Actor Helen Morse reads from Firdausi's
This reading is part of a series of excerpts from the romantic stories and lyrical verse written or inspired by some of the great Persian poets of the past, as showcased in the
Love and devotion: from Persia and beyond exhibition.
Read the transcript From the
Shahnama of Firdausi, translated by James Atkinson
With pity hear, Tahmineh is my name!
The pangs of love my anxious heart employ,
And flattering promise long-expected joy;
No curious eye has yet these features seen,
My voice unheard, beyond the sacred screen.
How often have I listened with amaze
To thy great deeds, enamoured of thy praise;
How oft from every tongue I’ve heard the strain,
And thought of thee – and sighed, and sighed again.
The ravenous eagle, hovering o'er his prey,
Starts at thy gleaming sword and flies away:
Thou art the slayer of the Demon brood,
And the fierce monsters of the echoing wood.
Where’er thy mace is seen, shrink back the bold,
Thy javelin’s flash all tremble to behold.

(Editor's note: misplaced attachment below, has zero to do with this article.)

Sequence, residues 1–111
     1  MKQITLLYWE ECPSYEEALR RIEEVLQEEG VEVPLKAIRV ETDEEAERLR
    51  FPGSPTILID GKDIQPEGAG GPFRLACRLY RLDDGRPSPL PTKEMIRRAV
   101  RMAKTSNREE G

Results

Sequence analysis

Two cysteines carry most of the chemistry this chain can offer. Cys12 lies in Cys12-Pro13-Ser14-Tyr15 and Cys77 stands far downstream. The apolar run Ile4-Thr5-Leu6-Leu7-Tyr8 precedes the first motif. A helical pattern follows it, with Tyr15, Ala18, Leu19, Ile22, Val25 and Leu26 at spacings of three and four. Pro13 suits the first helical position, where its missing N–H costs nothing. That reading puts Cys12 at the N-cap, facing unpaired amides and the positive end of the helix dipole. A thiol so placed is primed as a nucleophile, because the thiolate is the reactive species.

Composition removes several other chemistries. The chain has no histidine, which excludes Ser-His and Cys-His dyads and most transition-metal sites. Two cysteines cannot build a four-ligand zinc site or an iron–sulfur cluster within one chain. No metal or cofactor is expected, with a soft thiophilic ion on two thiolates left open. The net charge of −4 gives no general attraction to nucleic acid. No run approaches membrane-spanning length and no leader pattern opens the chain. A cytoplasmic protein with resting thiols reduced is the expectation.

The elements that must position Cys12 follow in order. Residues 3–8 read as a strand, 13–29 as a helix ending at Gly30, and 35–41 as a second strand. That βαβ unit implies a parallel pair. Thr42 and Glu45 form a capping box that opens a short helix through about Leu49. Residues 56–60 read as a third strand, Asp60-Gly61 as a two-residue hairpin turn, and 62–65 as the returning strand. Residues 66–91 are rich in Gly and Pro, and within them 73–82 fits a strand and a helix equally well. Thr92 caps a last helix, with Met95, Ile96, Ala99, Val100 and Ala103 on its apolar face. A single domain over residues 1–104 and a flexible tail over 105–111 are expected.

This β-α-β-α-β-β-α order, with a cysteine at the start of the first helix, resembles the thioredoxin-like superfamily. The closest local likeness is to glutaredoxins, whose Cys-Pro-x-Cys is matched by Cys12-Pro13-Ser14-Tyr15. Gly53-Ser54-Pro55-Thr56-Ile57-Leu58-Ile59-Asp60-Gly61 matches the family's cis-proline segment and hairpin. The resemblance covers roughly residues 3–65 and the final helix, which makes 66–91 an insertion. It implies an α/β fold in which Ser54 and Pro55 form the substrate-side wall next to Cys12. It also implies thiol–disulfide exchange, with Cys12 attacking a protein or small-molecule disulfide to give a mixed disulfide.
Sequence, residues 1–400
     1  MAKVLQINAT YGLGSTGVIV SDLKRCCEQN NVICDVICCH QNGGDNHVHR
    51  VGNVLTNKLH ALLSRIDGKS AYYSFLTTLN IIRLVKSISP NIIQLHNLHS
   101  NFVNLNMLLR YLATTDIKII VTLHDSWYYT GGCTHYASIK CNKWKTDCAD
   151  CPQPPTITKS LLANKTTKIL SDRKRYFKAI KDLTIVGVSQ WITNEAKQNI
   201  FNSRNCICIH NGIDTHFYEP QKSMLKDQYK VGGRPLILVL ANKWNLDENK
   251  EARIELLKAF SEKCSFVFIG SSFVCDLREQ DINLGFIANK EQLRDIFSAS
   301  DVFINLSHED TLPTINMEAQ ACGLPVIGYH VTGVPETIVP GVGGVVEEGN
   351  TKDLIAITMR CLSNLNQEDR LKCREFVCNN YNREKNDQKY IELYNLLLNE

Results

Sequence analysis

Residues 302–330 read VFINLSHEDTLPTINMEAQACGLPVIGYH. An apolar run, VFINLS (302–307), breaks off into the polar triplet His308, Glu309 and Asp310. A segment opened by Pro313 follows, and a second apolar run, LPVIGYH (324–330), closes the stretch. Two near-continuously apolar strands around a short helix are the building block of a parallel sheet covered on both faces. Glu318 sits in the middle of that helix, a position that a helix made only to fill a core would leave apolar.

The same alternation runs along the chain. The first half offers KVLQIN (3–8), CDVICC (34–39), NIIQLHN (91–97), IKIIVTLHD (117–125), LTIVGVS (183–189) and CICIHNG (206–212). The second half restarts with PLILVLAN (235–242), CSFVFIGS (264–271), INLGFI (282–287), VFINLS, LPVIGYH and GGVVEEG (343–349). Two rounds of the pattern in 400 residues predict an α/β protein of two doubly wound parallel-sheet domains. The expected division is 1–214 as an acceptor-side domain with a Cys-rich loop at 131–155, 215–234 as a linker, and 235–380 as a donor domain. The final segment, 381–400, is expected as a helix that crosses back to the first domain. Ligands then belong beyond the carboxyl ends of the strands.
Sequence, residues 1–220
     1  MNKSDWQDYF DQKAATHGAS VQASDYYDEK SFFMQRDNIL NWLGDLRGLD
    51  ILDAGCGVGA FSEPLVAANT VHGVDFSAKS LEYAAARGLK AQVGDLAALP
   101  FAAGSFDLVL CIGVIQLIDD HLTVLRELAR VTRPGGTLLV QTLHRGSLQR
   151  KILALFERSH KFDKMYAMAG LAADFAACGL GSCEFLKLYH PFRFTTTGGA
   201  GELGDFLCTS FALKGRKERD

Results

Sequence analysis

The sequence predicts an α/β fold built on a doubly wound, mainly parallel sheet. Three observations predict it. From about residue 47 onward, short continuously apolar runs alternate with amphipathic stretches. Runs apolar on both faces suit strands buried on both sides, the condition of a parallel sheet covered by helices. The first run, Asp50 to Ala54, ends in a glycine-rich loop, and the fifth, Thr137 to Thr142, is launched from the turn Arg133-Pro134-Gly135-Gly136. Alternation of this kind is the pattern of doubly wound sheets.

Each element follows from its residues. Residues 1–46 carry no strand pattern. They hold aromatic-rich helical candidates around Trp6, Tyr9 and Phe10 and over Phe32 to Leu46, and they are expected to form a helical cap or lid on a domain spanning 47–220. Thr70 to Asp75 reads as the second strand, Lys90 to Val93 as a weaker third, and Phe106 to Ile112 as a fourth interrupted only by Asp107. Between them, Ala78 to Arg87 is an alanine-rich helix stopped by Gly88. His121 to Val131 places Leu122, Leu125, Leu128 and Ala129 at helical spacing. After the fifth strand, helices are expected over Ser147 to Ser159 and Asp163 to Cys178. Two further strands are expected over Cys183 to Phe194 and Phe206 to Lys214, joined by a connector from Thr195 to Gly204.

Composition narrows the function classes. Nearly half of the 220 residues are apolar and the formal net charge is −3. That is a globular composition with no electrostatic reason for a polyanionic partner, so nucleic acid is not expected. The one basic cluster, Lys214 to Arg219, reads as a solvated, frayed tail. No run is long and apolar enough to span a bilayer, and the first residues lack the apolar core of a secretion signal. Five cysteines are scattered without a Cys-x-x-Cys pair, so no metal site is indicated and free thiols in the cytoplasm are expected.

Enchanted with the stories of thy fame,
My fluttering heart responded to thy name;
And whilst their magic influence I felt,
In prayer for thee devotedly I knelt;
And fervent vowed, thus powerful glory charms,
No other spouse should bless my longing arms.
Indulgent heaven propitious to my prayer
Now brings thee hither to reward my care.
Turan’s dominions thou hast sought, alone,
By night, in darkness – thou, the mighty one!
Oh claim my hand, and grant my soul’s desire;
Ask me in marriage of my royal sire;
Perhaps a boy our wedded love may crown,
Whose strength like thine may gain the world’s renown.
Nay more – for Samengan will keep my word –
Rakush to thee again shall be restored. Close